We finished filming A Symphony for Yorkshire an hour ago, and I suppose I’m feeling rather strange and empty. It feels like the end of some kind of era and I hate the thought that I won’t be spending any more time with the surrogate family who've been my companions for so many exciting days. The filming process has been an extraordinary period of time with very few lows and countless highs. And the most amazing shot happened today. 60 musicians marched up a steep street in Sheffield, led by a group of police drummers and a troupe of majorettes. The coup de theatre, however, was the open-topped bus which followed behind them, crammed full of even more musicians and people with balloons and Yorkshire flags. Loads of well-wishers turned out to wave from the sides of the road and all had made a real effort to dress colourfully, bringing all manner of stuff with them including dogs, drums, surf boards and handmade Yorkshire flags. The shots looked magical. I felt ridiculously proud to hear my music playing so loud on a bank of speakers along the road and humbled that people had bothered, not just to tip up, but to learn their parts and play with so much gusto.
Later on we headed to the village of Millhouse Green, to film our male voice choir in their local pub. Yet again I found myself overwhelmed by the experience. At one point I started playing through movement four to try and get a level for sound and spontaneously the choir joined in, singing with an energy and commitment which blew me sideways. It is a real thrill for a composer to hear his music sung like that.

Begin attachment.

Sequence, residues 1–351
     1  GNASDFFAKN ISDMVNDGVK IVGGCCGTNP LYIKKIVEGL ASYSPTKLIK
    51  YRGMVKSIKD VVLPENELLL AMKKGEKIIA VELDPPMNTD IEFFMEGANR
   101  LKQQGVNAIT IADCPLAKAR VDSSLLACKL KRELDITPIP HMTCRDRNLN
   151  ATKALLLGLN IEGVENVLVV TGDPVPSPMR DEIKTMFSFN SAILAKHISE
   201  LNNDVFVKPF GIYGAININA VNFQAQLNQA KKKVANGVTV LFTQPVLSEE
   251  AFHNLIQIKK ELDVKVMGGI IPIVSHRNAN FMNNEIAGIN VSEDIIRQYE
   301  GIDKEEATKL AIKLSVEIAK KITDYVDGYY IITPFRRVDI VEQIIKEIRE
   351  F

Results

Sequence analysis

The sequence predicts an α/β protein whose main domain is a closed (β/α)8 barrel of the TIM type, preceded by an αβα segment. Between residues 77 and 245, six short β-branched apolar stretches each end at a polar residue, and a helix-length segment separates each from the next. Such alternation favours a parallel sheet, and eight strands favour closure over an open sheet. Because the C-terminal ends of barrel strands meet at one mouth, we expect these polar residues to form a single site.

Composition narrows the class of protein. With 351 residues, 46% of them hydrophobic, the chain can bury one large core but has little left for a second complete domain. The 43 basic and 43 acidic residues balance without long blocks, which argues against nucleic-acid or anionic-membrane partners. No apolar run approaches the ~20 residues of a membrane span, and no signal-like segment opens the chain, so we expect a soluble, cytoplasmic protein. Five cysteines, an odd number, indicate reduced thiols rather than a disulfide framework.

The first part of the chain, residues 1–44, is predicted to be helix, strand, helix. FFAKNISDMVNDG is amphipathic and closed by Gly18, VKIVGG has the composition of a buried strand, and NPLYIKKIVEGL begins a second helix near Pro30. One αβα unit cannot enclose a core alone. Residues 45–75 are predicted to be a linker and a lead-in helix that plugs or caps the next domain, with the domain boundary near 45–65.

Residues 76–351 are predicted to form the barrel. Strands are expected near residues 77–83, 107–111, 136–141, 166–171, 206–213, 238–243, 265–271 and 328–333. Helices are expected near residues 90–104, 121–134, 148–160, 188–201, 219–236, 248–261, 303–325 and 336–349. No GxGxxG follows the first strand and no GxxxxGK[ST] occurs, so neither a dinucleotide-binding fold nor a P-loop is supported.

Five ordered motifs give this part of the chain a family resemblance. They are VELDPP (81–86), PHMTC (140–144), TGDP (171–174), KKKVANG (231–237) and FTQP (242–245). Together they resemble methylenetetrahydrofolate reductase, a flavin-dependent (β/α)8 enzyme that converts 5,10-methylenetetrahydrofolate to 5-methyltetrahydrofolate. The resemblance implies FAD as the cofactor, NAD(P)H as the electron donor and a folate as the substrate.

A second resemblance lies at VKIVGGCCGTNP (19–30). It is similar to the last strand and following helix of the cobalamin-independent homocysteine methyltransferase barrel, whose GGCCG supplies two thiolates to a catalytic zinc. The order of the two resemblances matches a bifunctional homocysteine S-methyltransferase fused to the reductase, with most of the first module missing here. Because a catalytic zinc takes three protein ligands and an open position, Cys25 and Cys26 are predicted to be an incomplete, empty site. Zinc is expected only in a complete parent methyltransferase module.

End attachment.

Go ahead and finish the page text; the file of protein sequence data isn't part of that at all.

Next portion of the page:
The final shot happened in Viaduct, a gay bar in Leeds. I suppose it felt all the more special because the location represents one of my part of this enormous and diverse community of Yorkshire. At one point I started to wonder how many of the 150 musicians who played in the symphony are gay. It’s easy enough to count the ethnic minorities or the women or to make calculations about peoples’ ages, but I suppose ours is one of the more invisible communities. It brings to mind the age old joke, “which is better? Being black or being gay? Being black because at least you don’t have to tell your parents...”
Our final shot was fronted by the wonderful Em Brulee, who snaked her way up a flight of stairs looking mysterious and glamorous in a 1950s sort of way. Em describes herself as a gay man in a woman’s body, so the location seemed perfect.
July 11th 1660 was a busy day for Pepys, during which he cheekily asserted his right to the house he wanted in the Navy Office complex. He’d been spurred on to take somewhat drastic action when he saw “a busy” fellow arrive to take possession of a house on behalf of Lord Berkeley, one of the new commissioners. There were only four more residences, so in a panic, Pepys rushed home, grabbed a pair of sheets, and knocked on the door of the house he fancied, only to find it occupied by one of the old guard who' lost their positions and were supposedly moving out. Pepys explained to the gentleman that he had come to live in his house and promptly spent the night there! I suppose, even back then, possession was 9/10ths of the law, and Pepys was desperate for the house no matter what.